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FEATURED IN: Farm Journal - March 2011

 
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COMMENTS (8 Comments)

Livestock Sara - Mexico, MO
John, thanks for your question. My question was what research does HSUS use to determine what humane standards for livestock are. In the video, Pacelle was quick to say that they do not perform animal research, but have their own animal scientists. If I had the opportunity, I would continue that line of questioning.
12:47 PM Mar 22nd
 
John - Hanover, IN
Sara Brown asked Pacelle: Q. Of concern to the ag industry: Where does HSUS get its information to build its cases against livestock producers?

Pacelles answer was to rant about "morals"

Sara, I'm not sure where you were going with the Q. Can you elaborate a little for us?
John Shelton
4:53 PM Mar 20th
 
cattleco2
PAcelle%20is%20a%20slick%20talker%20and%20a%20DOmestic%20Terrorist!%20%20He%20and%20HSUS%20are%20und​er%20investigation%20by%20the%20Justice%20Dept%20for%20Racketering%20and%20Money%20Laundrying%20char​ges......they%20will%20put%20this%20terrorist%20in%20Jail%20soon​
3:01 PM Mar 20th
 
cattleco2
PAcelle%20is%20a%20slick%20talker%20and%20a%20DOmestic%20Terrorist!%20%20He%20and%20HSUS%20are%20und​er%20investigation%20by%20the%20Justice%20Dept%20for%20Racketering%20and%20Money%20Laundrying%20char​ges......they%20will%20put%20this%20terrorist%20in%20Jail%20soon​
3:01 PM Mar 20th
 
cattleco2
PAcelle is a slick talker and a DOmestic Terrorist! He and HSUS are under investigation by the Justice Dept for Racketering and Money Laundrying charges......they will put this terrorist in Jail soon​
3:01 PM Mar 20th
 
cattleco2
PAcelle is a slick talker and a DOmestic Terrorist! He and HSUS are under investigation by the Justice Dept for Racketering and Money Laundrying charges......they will put this terrorist in Jail soon​
3:01 PM Mar 20th
 
adh - canton , OK
Charles,
Thanks for pointing this fact out because it is so important foranimal ag producers to understand. HSUS' 100 point agenda (google it) lays out their plan to abolish animal agriculture via government entitities such as EPA and many others. At this point animal ag producers are having trouble identifying friends from fo. With a little research it's perfectly clear that HSUS is no friend, just a very cunning enemy.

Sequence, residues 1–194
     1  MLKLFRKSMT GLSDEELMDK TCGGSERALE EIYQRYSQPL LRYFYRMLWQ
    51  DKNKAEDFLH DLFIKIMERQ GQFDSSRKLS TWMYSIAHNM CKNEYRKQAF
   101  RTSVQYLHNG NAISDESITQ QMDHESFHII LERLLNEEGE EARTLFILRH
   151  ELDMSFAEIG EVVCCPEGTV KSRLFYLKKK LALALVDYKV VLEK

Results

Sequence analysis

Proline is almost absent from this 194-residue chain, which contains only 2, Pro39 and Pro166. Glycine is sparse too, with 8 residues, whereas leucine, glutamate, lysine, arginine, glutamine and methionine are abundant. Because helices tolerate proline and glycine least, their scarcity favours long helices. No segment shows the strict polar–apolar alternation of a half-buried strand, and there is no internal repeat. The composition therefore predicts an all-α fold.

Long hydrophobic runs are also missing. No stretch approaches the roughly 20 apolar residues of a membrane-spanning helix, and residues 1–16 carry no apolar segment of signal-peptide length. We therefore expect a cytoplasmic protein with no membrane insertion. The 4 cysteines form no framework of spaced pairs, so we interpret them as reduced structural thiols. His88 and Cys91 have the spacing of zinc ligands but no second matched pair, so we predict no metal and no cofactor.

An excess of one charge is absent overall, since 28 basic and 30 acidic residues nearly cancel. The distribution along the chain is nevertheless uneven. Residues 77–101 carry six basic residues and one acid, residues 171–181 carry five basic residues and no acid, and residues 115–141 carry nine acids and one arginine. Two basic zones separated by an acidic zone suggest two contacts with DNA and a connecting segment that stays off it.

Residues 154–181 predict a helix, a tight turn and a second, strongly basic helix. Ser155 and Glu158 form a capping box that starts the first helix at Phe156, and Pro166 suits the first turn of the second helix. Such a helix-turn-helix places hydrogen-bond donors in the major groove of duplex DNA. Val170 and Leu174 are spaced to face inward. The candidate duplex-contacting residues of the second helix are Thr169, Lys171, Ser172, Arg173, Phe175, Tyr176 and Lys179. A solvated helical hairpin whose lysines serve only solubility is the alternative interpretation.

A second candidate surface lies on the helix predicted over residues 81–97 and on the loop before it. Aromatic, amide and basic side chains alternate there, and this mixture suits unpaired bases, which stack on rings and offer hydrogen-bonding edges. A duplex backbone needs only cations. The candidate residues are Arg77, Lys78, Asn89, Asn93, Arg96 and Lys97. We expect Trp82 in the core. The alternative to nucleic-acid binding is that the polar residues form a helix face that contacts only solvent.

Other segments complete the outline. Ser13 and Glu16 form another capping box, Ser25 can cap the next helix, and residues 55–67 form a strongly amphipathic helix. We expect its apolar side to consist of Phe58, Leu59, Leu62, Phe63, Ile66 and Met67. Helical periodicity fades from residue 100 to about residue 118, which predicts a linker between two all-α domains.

Thanks for the links I'll pass them on.
2:30 PM Mar 20th
 
charless - Wake Co, NC
In trying to help my daughter research a report on political parties I ran into the site below: http://socialistparty-usa.org/platform/
It stated:
As we pursue a socialist transformation of society, we join with others in making radical demands on the existing system: demands that challenge the basic assumptions of a capitalist market economy while pointing the way to a new society. Although reforms will not in themselves bring about socialism, the fight for them will advance the cause by demonstrating the inherent limitations and injustice of the capitalist system. As we build the socialist movement, we organize around a platform committed to our common and interdependent struggles and aspirations.

http://socialistparty-usa.org/platform/animalrights.html

It seems to be part of their platform!

Needless to say I have never seen another political party blatently hold up animal rights to such high standards. Within 10 seconds I realized how HSUS and other animal rights organizations are extremely anti capitalist in money lost in all venues that use an animal for food, life saving science or just enjoyment. There is no doubt that they are anti capitalist. That is one freightening thought for the cattle and myself. I would have never seen this if I had been helping my daughter research on the internet. It would really give our government representatives something to think about and maybe they need to stop and figure out how much money the economy has lost in the USA because of animal rights.
10:37 AM Mar 12th